Day 6: December 26, 2017
Island Hopping

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At the time I was informed that my Christmas Day trolley booking was a goof, I was told I could either get a refund or use it on another date. Since I was planning on heading home Tuesday morning, my first impulse was to take the refund. But that plan was hardly concrete so, after a little thought, I decided to take the tour before leaving town. I used some of the time I had before departure to walk out on the pier and grab pictures of the bridge that carries US-17 over Brunswick River and the northern end of Jekyll Island. Seeing how close they are makes it easy to understand why the GPS kept recommending restaurants on Saint Simons while I was driving around Jekyll. I also got a shot of the lighthouse before walking back to shore and taking a full color photo of a pair of resting gulls backed by the sun.

St Simons Trolley Company provides a lot of information and passes a lot of interesting places, but, as is usually the case with motorized tours, there weren't a lot of opportunities for pictures. Even our one time stepping off the trolley didn't go as planned because Christmas had pushed cleaning day at Christ Church from Monday to Tuesday. But the stop did give me a chance to photograph our driver/guide, Kevin, and the trolley. Although it sits on a more modern chassis the wooden trolley car dates from 1939 and is really quite cool. I thought I also got a picture of the tree under which Charles Wesley preached his first sermon. Apparently that's not the case as the plaque refers to the tree in past tense.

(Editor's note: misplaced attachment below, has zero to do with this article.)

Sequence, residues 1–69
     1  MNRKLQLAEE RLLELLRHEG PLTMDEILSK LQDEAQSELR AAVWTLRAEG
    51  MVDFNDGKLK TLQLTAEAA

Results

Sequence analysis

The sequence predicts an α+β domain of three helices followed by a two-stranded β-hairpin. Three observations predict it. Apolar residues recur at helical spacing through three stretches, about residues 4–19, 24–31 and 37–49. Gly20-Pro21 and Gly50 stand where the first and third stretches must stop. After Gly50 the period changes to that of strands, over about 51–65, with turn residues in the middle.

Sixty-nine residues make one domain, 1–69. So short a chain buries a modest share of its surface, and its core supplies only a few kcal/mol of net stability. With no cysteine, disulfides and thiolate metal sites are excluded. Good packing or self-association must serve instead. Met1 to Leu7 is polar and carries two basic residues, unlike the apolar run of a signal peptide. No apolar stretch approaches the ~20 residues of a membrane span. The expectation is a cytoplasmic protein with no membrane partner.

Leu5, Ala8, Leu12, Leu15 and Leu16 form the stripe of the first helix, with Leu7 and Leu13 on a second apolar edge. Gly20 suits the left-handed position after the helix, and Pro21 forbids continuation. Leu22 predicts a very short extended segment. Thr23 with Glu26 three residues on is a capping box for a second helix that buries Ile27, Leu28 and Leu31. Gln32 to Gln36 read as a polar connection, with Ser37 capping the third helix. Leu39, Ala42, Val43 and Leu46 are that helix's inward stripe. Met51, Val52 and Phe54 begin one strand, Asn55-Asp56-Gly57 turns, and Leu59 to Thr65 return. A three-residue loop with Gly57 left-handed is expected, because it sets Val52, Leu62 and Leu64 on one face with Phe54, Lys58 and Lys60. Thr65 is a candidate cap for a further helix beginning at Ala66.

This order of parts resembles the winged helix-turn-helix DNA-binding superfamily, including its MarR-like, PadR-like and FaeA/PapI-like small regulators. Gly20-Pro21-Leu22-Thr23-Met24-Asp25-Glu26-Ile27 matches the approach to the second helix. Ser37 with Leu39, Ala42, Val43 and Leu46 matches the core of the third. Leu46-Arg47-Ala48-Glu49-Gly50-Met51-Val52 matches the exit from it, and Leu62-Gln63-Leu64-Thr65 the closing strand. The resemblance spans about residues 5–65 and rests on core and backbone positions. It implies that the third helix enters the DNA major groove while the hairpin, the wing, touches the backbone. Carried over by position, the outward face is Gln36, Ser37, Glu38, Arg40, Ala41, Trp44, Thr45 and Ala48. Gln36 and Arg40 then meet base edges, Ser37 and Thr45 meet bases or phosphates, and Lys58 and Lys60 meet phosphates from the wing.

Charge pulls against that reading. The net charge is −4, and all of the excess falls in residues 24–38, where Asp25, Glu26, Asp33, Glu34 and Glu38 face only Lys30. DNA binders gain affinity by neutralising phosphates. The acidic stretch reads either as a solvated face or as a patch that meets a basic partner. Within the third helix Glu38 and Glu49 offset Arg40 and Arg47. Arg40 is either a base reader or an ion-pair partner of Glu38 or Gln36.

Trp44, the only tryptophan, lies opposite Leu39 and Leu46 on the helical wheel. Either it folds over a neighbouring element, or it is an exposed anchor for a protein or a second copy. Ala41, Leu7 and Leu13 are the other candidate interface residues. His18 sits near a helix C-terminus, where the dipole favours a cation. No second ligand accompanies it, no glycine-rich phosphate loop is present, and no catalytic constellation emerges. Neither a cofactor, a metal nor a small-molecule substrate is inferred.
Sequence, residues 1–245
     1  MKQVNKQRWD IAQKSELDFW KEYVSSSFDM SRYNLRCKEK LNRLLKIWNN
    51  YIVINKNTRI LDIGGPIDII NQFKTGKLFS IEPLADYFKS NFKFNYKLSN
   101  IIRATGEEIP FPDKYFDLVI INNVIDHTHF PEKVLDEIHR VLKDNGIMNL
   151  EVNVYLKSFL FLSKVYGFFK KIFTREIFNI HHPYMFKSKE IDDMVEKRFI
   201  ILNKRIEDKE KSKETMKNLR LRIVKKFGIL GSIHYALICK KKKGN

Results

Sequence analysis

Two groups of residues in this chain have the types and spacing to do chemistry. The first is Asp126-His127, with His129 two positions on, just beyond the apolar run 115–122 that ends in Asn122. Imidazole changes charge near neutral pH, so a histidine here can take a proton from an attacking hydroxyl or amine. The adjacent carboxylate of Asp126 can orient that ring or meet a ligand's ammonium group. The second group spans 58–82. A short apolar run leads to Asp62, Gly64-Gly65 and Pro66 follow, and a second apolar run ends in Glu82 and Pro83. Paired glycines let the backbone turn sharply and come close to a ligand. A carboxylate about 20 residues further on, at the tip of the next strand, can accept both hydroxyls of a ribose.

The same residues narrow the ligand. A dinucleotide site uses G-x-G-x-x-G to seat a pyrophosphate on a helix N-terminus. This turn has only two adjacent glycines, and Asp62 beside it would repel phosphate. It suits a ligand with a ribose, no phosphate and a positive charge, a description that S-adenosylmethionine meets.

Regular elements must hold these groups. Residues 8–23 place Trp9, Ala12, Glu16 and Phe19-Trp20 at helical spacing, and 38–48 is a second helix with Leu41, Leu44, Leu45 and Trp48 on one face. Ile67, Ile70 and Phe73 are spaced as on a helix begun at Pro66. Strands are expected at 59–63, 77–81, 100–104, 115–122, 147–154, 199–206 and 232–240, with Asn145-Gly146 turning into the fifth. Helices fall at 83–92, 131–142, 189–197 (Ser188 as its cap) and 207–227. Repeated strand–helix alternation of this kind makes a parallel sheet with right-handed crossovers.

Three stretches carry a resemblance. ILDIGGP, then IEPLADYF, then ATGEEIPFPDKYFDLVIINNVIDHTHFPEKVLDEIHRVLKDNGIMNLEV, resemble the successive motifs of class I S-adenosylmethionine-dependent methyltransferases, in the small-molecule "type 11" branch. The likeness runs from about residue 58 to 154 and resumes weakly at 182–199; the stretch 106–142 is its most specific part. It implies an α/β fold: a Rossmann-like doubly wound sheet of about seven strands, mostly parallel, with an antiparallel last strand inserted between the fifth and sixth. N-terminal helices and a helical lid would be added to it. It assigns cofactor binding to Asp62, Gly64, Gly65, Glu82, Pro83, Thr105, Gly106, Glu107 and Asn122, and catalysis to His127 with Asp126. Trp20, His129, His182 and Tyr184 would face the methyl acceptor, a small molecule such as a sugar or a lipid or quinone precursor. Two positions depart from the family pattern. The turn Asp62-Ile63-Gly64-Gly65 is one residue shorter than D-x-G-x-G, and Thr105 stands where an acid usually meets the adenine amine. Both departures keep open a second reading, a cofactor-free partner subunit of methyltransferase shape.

At the end of the trolley tour, I headed to the nearby Saint Simons Lighthouse and ultimately to its top. The keeper's house at its base now contains a museum but no photos are allowed. After climbing the 129 steps to the top, I took a picture of both the Brunswick River Bridge and the pier from which I took the earlier one.

There are lots of live oaks on Saint Simons though not nearly as many as there once were. Saint Simons supplied timber to build the USS Constitution and other Navy ships. Kevin told us that 300 years is a typical live oak life span. That's a hundred years of growth, a hundred "maturing", and a hundred dieing. Thomasville's "Big Oak", which I visited in 2014, is about 340 years old. But Kevin also told us of one in Brunswick thought to be 900 years old. I stopped by that tree, the Lovers Oak, on the way out of town.

On thing that makes this extra special is the extremely rare opportunity to use this quote.

Leaving Brunswick after noon limited my range for the day, but rather than seeing that as a negative I used it as justification for an overnight on Tybee Island near Savannah. I took advantage of winter rates at the Royal Palm Motel then walked the few blocks to Sting Ray's for dinner. Since it was dark by the time I headed back to the motel, I grabbed night shots of both places, too. As I ate, I shared the photo of my meal to Twitter and Facebook accompanied by the singable lines "Denny went down the Georgia. He was looking for some shrimp to peel."

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